The story is fairly straightforward — a young girl going on a journey to change her fortune and help her family is hardly inventive. It’s how the story is crafted that gives it such interesting architecture. The tales Minli hears from her father serve as the inspiration for her quest, but they are also an integral part of the narrative experience. They form the circumstances that Minli’s family inhabit, intersecting with the events of the play in such a way that it blurs the lines between fiction and reality. Stories become a constant material and emotional presence for the characters as well as the audience.
Credit: Photo by Casey Gardner Ford
Credit: Photo by Casey Gardner Ford
Such metatextual themes may go over the heads of the younger audiences — or perhaps not; children are often smarter than for which we give them credit. Regardless, it’s a good thing this lofty production also happens to be ruthlessly charming and entertaining. Director Justin Anderson, with the help of Assistant Director Frances Chang, rallies a talented and enthusiastic cast who commit themselves fully to the heightened nature of folktales.
“Where the Mountain Meets the Moon” is a decidedly physical production. Synchronicity partnered with the Atlanta Chinese Dance Company to great effect. Though much credit must go to the individual performers, many artful with their movements, particularly Willie Frierson Jr. and Toru Shimoji for an exciting martial arts scene. Crystal Lo also shows off some impressive comedic chops as a cruel magistrate in one of the many stories-within-the-story, benefiting from hilarious chemistry with Chris Hecke. She and Kevin Qian also shine in a later scene where they get to play a dynamic duo.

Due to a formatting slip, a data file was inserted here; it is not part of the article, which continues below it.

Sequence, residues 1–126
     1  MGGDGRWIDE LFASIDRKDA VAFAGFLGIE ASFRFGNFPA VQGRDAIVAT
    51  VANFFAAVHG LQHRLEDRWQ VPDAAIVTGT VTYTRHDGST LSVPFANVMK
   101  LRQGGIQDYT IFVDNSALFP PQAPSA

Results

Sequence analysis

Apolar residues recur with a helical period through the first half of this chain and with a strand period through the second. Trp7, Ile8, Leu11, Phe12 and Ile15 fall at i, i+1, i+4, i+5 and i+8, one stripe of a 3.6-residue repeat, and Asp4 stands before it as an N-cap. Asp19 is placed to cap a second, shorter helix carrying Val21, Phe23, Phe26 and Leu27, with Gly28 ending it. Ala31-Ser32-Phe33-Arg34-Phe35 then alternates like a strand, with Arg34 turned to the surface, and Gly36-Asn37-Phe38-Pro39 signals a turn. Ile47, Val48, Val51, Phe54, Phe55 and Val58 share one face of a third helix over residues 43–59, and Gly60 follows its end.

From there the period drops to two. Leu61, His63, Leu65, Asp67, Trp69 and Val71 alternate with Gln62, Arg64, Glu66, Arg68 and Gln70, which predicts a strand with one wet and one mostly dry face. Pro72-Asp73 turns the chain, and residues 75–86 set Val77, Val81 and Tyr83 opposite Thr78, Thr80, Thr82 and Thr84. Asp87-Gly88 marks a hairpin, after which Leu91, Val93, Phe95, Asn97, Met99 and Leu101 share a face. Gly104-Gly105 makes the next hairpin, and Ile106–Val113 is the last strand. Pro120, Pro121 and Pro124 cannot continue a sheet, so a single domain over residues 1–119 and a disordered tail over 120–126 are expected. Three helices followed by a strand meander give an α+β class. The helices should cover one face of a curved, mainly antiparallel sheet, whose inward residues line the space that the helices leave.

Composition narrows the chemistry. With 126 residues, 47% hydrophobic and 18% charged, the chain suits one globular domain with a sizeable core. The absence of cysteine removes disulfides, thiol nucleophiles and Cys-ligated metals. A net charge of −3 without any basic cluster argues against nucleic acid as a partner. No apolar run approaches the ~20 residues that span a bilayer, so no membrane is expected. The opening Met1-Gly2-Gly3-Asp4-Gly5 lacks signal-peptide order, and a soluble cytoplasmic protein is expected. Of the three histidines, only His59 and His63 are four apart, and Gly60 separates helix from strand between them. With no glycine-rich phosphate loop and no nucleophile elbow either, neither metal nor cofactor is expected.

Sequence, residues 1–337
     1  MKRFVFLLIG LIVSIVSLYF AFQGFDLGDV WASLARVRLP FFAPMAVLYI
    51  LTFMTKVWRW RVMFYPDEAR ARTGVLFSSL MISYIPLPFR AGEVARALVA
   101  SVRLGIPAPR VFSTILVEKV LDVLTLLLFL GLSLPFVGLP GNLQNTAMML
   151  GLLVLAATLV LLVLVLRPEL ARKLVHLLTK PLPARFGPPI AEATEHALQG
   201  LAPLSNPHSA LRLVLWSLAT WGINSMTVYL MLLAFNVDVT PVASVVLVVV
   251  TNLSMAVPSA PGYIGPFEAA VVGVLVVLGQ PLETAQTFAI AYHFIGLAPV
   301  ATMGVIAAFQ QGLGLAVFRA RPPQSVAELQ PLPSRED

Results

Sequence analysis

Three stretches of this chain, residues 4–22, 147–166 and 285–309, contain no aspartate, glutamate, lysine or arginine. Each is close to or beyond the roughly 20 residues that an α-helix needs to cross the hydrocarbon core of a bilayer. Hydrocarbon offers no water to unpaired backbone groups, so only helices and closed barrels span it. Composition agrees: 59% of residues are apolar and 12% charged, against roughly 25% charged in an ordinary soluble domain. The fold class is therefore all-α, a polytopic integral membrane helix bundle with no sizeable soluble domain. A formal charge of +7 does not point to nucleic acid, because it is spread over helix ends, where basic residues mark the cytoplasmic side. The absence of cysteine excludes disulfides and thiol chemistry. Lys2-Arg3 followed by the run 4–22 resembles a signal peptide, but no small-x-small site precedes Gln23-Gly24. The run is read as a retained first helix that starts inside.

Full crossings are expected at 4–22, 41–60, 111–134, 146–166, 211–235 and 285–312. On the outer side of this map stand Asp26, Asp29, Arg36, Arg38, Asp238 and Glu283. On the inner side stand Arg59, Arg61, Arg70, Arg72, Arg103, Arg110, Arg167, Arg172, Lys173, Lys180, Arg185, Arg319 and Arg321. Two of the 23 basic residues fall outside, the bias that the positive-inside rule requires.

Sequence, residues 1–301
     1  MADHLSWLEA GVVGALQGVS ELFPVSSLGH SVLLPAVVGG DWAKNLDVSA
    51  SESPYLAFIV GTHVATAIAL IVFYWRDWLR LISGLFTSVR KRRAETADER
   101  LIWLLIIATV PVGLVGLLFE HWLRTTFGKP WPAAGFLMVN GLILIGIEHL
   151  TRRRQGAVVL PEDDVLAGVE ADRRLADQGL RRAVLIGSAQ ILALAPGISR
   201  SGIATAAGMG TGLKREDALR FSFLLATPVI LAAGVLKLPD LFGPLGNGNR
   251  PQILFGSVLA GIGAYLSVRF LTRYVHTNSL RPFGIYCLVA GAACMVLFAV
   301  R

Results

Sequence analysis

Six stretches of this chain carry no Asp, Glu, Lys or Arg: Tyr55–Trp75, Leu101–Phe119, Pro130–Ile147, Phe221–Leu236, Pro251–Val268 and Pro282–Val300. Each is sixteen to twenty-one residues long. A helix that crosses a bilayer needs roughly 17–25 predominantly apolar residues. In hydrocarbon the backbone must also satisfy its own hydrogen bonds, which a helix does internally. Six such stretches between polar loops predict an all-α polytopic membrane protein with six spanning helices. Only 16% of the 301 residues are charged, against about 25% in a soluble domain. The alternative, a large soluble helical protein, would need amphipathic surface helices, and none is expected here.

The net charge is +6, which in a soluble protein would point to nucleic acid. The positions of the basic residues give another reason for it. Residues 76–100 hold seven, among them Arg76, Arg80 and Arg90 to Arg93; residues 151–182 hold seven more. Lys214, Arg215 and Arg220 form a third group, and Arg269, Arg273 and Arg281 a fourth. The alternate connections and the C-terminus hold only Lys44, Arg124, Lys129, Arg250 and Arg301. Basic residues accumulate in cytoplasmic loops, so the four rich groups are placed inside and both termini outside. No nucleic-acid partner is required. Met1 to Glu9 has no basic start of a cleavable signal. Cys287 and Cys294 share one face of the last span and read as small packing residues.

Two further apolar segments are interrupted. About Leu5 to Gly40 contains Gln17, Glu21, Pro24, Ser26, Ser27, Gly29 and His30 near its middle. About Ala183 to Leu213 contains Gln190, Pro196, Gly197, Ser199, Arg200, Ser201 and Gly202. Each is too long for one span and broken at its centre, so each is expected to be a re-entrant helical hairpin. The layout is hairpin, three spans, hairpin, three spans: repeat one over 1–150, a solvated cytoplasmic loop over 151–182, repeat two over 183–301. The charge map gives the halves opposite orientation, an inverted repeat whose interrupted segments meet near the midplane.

As Minli’s parents, referred to only as Ba and Ma, Toru Shimoji and Charlene Hong White are more subdued. Being that they represent the material reality that Minli inhabits, it makes sense that they would be more grounded than fantastical. The couple forms the emotional bedrock of the story, particularly White, whose arc is perhaps the most dynamic and tenderly performed.
Meanwhile, Kristina Jin plays Minli with an irrepressible earnestness. The script works by using all of the heightened theatrical elements to highlight her journey, and, while there are some moments in Jin’s performance that become a bit one-note, she hits all of the important beats with heartwarming sincerity.
There are echoes of traditional Chinese performance (and possibly more Western styles like commedia) in how well the actors act in their beautifully designed masks, courtesy of mask designer Mike Hickey. Naomi B. Smith further enhances the show’s theatricality with her eye-catching prop design. Everything looks gorgeous, especially surrounded by Sophie Hansuh Im’s simple yet lovely set, Jonida Beqo Vogli’s eye-catching costumes and Elisabeth Cooper’s lighting. Cooper also contributes some shadow puppetry, which provides some of the production’s most visually interesting and amusing moments.
This is not the first time that Synchronicity has produced this adaptation. The production is technically a remount of a production from 2013, which featured a primarily white cast and creative team. Justin Anderson addresses this in his program notes, referring to the creative process as a “dismantling” rather than a simple remount. The effort toward greater inclusion and authenticity is clear, with every element of the production dialed into what the script needs and creating a palpable sense of synergy.
“Mountain Meets the Moon”
Presented by Synchronicity Theatre through Feb. 18. 1545 Peachtree St. NE, Atlanta. Adults, $30-$45; $15 children 3 and up. 404-484-8636, synchrotheatre.com
Luke Evans is an Atlanta-based writer, critic and dramaturg. He covers theater for ArtsATL and Broadway World Atlanta and has worked with theaters such as the Alliance, Actor’s Express, Out Front Theatre and Woodstock Arts. He’s a graduate of Oglethorpe University, where he earned his bachelor’s degree, and the University of Houston, where he earned his master’s.
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